Happy Birthday Servants Aid!
Back in January of 2008 I was living in Chiang Rai, Thailand, for Christian missionary training. I had also applied for a disaster relief organization, that is based in Switzerland, and was hoping to get into humanitarian aid relief work. Then a month later, in February, the organization that sent me to Thailand had their Tri-Annual world-wide missions conference (also held in Northern Thailand) and I was able to attend.
A much younger looking Paul, eating hail near Lausanne, Switzerland in June of 2008 post disaster relief training.
There were over 400 Christian missionaries in attendance for this conference held in Chiang Mai, which is about a 4 hour south western bus ride from Chiang Rai. It was amazing to see so many missionaries and their families come together. Although it was my first year with Mission To Unreached Peoples (MUP), it was a like a family reunion at the convention.
The week long event in Chiang Mai featured numerous seminars and break-out sessions for everyone to attend. Some seminars included, Security Meetings, Healthcare in Foreign Lands, In-Country Networking and many other sessions.
After the break-out sessions were over, all 400 attendees then congregated back in the main auditorium for worship and guest speakers. Before the main auditorium seminars would start the tech guys would play videos that some of the missionaries had created about their ministries.
The purpose of these videos were to raise funds, awareness and serve as updates for the missionary’s supporters, State-side churches, potential supporters and future staff members.
The problem though, the videos, to be blunt, were horrible.
I remember watching one video where the missionary was telling a beautiful story about his ministry, but the donkey in the background was making so much noise you couldn’t understand what he was saying!
Not to mention, the quality of the video was very poor…even by 2008 standards.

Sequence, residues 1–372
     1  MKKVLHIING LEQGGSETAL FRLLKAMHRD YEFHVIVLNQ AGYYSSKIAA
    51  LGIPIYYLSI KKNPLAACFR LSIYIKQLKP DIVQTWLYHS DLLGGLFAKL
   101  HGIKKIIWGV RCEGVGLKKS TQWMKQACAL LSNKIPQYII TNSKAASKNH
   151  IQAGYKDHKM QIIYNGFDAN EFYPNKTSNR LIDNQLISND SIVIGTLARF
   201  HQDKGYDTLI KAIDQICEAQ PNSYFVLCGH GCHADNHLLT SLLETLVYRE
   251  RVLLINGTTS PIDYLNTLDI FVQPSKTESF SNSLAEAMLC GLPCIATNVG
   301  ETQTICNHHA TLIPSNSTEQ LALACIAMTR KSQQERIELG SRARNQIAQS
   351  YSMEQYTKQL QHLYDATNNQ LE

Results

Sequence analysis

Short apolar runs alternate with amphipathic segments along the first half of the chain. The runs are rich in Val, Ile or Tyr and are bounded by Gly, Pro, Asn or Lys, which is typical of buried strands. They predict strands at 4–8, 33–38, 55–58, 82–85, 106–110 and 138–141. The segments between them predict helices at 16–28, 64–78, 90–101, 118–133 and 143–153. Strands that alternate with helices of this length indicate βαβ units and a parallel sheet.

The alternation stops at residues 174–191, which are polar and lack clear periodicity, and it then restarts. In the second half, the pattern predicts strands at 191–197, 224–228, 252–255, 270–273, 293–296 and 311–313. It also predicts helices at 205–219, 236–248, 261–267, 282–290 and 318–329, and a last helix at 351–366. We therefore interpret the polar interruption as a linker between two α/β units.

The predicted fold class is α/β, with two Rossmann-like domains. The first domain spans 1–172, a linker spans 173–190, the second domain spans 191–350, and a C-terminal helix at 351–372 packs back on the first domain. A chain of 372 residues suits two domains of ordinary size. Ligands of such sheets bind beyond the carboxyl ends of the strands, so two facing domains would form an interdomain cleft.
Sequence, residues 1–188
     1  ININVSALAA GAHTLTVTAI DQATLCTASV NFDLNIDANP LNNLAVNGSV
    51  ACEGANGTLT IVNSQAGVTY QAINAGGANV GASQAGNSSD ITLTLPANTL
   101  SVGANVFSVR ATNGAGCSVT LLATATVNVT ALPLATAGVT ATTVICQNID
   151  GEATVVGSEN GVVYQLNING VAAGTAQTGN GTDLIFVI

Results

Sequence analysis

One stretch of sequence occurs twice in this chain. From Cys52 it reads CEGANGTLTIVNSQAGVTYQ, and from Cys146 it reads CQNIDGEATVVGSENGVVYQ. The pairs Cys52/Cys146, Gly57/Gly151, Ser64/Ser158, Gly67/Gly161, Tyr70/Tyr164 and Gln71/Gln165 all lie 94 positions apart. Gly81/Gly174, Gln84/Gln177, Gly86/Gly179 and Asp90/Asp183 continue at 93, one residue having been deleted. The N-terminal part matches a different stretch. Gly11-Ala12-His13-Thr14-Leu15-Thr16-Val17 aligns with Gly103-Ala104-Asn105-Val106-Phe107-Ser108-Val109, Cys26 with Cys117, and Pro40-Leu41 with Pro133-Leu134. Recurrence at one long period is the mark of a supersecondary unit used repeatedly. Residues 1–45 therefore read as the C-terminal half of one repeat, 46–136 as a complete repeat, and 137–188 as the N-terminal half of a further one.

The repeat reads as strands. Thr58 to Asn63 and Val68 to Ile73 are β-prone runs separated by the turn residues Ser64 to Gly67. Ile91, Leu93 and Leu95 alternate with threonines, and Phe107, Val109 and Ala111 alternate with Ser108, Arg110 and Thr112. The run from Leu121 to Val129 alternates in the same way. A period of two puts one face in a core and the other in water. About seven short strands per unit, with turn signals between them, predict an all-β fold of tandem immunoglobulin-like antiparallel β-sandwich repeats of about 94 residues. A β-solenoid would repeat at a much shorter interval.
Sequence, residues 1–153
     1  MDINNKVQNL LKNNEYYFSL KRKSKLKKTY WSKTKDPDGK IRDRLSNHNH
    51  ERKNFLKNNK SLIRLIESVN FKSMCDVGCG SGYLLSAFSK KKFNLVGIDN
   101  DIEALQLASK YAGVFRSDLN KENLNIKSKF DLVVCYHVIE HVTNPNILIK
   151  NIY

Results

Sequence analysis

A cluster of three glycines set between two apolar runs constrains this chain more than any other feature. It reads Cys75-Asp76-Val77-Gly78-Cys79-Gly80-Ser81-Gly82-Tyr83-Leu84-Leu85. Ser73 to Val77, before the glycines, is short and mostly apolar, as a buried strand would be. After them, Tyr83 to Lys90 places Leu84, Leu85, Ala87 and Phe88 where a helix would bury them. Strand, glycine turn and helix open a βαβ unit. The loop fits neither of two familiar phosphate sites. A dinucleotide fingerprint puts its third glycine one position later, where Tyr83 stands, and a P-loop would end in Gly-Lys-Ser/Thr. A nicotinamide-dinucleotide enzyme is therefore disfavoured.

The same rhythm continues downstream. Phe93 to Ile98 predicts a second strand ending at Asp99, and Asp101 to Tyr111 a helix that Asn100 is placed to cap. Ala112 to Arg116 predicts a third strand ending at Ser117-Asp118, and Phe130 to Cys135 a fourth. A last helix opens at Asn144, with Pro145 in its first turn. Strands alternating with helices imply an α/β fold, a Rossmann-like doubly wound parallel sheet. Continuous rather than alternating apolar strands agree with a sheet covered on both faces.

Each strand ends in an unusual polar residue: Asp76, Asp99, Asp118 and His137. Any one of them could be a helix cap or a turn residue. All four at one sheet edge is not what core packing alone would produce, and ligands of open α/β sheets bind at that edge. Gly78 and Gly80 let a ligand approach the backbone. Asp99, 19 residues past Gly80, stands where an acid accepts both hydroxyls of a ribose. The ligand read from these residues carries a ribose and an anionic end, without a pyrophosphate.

Eating a delicious Thai breakfast in Bangkok the morning of my first day in Thailand back in 2008.
I thought to myself, this man and his family, left the comfort of his home in the United States and started a new life in China just to spread the gospel and no one in the US will watch his video because the quality sucks.
And it broke my heart.
That week the Holy Spirit said to me, “What if you provided free media services to missionaries?”
As much as I loved to work in media, I had almost zero experience with video, websites and any type of coding. But the passion to do this work kept growing inside of my heart.
A few months later, after successfully completing disaster relief training in Switzerland, I started Servants Aid, in September of 2008.
At the bus station, some place west of Lausanne, Switzerland, for disaster relief training in 2008.
I had many wonderful ideas of how Servants Aid would look like back then. We’ll go here, we’ll do this and that. We’ll help these folks and those folks. In 2009, I had a list of about 50 missionaries that requested our assistance with their media needs, almost all of them in Thailand.
So I planned a return trip to the land of smiles. Then I found out I had Stage 5 End Stage Renal Failure. That put everything on hold. Or so I thought.
A few months later, the earthquake struck Haiti and the Holy Spirit told me to go and help, even with Stage 5 and all the side effects of Stage 5.
So I went and my life was changed forever. On a side note: I met my wife because of disaster relief training in Switzerland and the Haiti earthquake. Strange huh! That story is for another blog post!
We traveled to Haiti a few times to assist with the post recovery and we went to film school in Chiang Rai back in 2013. We assisted some ministries and missionaries with their needs when the opportunities present themselves.
After nine years of Servants Aid, I can say two things that contradict each other: I haven’t done everything that I planned on doing, but I’ve done more than I’ve planned on doing.
After getting a kidney transplant a few years ago, I’m currently going through my second round of Stage 5 End Stage Renal Failure so we’re not sure what the future holds (for ministry opportunities), but based on past experience, we know it’s going to be life changing.